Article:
Ever since I was in elementary school, I was always labeled as the “smart” kid – always getting high marks, always competing for the top spot in my class. At the time, and growing up, being considered “smart” was probably one of the highest praises anyone could give to you. Being a “smart” kid, you were practically invincible.
But what does it really mean to be “smart?”
Merriam-Webster gives three different definitions:
1. very good at learning or thinking about things
2. showing intelligence or good judgment
3. behaving or talking in a rude or impolite way; showing a lack of respect for someone
As a child, the stock definition of an intelligent person was someone who got good grades, and someone whose work was always displayed around the classroom with a giant gold star on it – all of which pertain to the second definition given by Merrian-Webster. This mindset continues to stick as people move onwards – when a student gets a C, that student is “average.” A student with a low GPA isn’t considered to be “top tier.” And God forbid an A student slip up and get a B – apparently that’s indication that the apocalypse is among us.
Even as a college student, I’ve discovered that a person’s major of study is what defines what kind of a student and what kind of a person they are. When I was an Engineering major, everyone’s first response upon learning my field of study was always something along the lines of “oh wow, you must be really smart.” Now that I’m a Math major, people’s responses haven’t changed, except some of my former classmates probably now view me as their inferior.
It has taken me such a long time to realize that my major, my school, and my grades do not define who I am as a person, and they certainly do not determine whether or not I am what society defines as “smart.” My GPA is not a measure of what I can accomplish. The grades that appear on transcripts and report cards are only indications of how easily someone can remember things, or in some cases, how easily someone can bullshit the system. Everyone is smart in their own way. If a person isn’t good at Math or Science, then that person is most likely good at other things that a Math or Science person don’t have the capacity to do – How many scientists do you know published a best-selling novel?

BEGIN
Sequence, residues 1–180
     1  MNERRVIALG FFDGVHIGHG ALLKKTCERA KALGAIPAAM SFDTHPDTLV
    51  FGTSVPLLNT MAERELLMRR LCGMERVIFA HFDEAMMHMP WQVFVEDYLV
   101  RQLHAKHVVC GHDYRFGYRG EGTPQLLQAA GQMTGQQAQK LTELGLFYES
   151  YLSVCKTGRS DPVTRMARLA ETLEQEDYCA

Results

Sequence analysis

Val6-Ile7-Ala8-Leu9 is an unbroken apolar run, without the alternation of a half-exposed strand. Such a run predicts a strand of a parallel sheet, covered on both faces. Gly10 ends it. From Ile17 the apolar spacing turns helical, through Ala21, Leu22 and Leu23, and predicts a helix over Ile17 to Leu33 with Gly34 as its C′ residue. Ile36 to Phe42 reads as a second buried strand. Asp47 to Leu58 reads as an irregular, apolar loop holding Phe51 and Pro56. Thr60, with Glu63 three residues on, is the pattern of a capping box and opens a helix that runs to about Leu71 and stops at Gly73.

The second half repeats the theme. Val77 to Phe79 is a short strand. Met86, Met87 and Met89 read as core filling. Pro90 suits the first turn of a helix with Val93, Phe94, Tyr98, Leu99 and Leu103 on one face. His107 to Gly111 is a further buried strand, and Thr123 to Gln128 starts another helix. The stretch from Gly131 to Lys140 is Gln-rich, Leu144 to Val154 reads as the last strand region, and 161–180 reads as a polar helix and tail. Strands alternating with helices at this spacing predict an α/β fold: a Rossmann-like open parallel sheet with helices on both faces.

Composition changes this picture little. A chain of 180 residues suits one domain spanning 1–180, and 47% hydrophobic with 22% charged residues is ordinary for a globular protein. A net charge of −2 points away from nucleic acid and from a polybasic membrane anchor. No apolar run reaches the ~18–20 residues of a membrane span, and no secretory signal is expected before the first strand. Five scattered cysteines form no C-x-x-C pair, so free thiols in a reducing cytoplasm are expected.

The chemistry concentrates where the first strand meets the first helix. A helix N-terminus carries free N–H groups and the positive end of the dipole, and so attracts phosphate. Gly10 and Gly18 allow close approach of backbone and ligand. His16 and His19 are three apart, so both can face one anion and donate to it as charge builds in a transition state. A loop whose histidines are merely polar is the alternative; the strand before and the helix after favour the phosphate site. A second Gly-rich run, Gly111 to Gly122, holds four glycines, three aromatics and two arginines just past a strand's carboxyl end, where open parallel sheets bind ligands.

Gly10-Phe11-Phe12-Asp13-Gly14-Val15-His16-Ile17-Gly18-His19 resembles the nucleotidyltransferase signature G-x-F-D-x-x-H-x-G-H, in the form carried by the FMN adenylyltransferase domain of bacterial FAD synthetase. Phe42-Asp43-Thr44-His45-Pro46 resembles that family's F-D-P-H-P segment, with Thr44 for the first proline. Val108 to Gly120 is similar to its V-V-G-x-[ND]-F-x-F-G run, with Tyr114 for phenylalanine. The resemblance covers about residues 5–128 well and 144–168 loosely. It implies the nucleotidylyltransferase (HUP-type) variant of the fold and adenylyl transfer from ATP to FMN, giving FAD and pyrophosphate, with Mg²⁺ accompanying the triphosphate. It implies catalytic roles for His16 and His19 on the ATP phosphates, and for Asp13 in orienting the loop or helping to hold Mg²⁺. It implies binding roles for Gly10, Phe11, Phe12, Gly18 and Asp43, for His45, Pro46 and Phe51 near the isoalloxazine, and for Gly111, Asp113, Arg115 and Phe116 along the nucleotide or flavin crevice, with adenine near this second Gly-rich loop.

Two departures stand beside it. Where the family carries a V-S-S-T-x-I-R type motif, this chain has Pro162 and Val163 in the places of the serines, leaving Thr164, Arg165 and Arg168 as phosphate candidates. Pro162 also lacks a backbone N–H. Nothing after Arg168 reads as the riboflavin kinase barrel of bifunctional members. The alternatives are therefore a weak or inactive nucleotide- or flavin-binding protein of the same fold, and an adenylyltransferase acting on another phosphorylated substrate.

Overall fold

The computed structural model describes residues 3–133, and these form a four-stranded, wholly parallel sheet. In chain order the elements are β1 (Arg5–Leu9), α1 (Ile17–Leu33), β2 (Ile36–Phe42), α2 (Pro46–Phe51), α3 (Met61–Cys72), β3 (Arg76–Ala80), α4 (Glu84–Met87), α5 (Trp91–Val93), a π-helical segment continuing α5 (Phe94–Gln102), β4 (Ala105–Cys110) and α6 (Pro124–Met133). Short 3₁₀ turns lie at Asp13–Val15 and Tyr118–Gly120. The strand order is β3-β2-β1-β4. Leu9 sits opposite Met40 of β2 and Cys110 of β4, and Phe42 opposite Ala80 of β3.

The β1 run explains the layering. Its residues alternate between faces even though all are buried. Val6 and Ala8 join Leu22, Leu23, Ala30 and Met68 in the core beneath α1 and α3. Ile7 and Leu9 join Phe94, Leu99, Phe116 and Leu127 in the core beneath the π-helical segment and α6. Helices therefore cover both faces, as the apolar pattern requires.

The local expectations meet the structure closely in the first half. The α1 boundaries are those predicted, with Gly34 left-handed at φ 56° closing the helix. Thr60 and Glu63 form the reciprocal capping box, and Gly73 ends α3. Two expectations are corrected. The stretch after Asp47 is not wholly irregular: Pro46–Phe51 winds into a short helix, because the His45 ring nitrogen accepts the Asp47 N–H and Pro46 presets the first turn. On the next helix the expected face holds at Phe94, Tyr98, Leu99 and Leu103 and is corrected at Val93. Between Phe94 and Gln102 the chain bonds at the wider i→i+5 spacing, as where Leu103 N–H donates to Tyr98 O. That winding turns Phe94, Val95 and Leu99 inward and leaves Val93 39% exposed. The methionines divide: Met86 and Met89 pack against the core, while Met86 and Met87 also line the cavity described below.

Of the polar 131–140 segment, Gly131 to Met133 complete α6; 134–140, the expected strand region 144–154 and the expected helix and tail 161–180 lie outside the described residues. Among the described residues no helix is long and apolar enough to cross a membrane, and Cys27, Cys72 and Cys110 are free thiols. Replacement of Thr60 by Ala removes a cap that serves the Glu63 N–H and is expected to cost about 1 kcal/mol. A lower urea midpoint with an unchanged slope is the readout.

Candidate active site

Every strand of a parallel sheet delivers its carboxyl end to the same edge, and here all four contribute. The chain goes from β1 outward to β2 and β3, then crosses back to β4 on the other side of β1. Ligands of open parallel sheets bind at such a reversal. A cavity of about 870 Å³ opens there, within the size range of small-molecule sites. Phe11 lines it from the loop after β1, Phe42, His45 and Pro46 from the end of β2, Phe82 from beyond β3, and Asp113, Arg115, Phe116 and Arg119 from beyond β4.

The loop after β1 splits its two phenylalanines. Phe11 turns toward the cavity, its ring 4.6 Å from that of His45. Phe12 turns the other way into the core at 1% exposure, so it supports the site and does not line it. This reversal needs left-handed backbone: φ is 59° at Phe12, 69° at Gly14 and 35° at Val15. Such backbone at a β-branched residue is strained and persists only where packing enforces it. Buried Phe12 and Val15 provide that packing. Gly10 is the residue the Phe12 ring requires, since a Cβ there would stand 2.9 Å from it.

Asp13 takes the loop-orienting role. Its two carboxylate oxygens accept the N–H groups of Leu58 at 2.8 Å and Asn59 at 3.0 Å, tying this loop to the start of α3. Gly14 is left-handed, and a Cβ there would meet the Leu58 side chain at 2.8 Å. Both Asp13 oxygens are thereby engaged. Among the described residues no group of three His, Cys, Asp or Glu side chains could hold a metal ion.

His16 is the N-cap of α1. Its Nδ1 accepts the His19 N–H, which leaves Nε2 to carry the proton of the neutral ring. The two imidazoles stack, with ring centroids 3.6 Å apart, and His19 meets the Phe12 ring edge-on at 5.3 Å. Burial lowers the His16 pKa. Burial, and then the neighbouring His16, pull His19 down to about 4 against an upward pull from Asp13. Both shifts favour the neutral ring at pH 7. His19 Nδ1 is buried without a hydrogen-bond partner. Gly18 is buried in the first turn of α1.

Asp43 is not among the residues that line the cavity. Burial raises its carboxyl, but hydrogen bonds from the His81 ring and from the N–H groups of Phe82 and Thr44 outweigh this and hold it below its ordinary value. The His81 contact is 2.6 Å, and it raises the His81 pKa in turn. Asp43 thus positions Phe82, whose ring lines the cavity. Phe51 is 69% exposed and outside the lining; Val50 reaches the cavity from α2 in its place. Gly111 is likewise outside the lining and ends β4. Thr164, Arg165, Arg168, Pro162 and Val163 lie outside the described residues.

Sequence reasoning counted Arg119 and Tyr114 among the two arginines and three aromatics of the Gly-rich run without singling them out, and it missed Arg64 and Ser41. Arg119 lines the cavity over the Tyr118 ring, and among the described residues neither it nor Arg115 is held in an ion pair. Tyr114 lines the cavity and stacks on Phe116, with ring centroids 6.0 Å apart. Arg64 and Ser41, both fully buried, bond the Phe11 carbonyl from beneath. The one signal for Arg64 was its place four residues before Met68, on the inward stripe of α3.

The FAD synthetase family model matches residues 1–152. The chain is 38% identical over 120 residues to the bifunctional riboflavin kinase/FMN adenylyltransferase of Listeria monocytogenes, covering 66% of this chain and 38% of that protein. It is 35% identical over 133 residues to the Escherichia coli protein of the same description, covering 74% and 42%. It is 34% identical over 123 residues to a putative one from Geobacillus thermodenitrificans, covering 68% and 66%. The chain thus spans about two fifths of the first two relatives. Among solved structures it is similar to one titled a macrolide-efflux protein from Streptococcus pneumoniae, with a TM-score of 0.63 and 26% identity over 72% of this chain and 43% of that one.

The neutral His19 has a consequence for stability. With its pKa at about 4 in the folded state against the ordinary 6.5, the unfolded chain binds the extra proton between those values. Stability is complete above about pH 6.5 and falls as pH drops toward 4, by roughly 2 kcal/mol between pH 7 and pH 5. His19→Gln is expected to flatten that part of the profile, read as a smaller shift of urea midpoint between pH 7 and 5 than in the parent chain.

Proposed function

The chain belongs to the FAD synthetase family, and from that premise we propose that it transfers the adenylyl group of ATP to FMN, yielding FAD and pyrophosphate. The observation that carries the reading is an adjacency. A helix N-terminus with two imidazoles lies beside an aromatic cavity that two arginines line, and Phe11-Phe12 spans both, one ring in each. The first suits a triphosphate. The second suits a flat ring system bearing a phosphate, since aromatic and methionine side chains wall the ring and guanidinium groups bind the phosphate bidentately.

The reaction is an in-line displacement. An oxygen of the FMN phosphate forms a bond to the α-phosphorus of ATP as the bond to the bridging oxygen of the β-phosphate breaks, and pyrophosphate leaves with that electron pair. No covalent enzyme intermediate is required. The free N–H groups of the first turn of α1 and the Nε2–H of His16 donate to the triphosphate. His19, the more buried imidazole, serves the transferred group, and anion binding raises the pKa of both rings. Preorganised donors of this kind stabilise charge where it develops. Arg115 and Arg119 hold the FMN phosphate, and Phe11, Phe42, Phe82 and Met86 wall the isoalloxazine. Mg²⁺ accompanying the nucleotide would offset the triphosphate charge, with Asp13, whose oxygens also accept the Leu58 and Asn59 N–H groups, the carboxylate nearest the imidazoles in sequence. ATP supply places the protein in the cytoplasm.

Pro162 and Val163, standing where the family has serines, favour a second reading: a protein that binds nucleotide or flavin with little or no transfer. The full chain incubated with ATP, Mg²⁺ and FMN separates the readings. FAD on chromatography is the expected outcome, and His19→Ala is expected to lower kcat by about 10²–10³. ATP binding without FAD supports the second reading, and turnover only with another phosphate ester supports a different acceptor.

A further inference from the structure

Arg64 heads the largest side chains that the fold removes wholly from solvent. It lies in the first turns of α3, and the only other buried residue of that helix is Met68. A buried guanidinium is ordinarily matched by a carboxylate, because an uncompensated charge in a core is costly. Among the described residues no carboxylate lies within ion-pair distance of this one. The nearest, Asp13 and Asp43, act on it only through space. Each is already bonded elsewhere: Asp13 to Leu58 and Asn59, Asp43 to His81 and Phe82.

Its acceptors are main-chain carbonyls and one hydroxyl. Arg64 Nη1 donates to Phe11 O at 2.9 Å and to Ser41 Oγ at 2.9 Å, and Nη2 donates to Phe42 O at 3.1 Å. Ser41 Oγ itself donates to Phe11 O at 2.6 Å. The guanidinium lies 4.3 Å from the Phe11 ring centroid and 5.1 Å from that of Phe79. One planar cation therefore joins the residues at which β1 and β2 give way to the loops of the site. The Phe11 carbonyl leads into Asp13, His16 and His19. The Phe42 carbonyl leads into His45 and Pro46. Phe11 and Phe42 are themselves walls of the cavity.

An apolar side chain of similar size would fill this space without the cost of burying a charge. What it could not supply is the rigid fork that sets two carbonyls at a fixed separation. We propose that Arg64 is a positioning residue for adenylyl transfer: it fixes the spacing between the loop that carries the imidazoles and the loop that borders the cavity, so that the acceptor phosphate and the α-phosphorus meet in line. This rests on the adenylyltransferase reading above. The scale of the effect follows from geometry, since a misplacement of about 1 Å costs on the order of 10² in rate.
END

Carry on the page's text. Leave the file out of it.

The preconceived idea of what a “smart” person should be has lowered the self-esteems of many, and has put so much pressure on kids to live up to, and oftentimes go beyond, what they need to aspire to be. I don’t really consider myself to be a “smart” person anymore, or at least not in the way society has defined it to be. I just really like to learn and think about things – and that shouldn’t separate me from everyone else.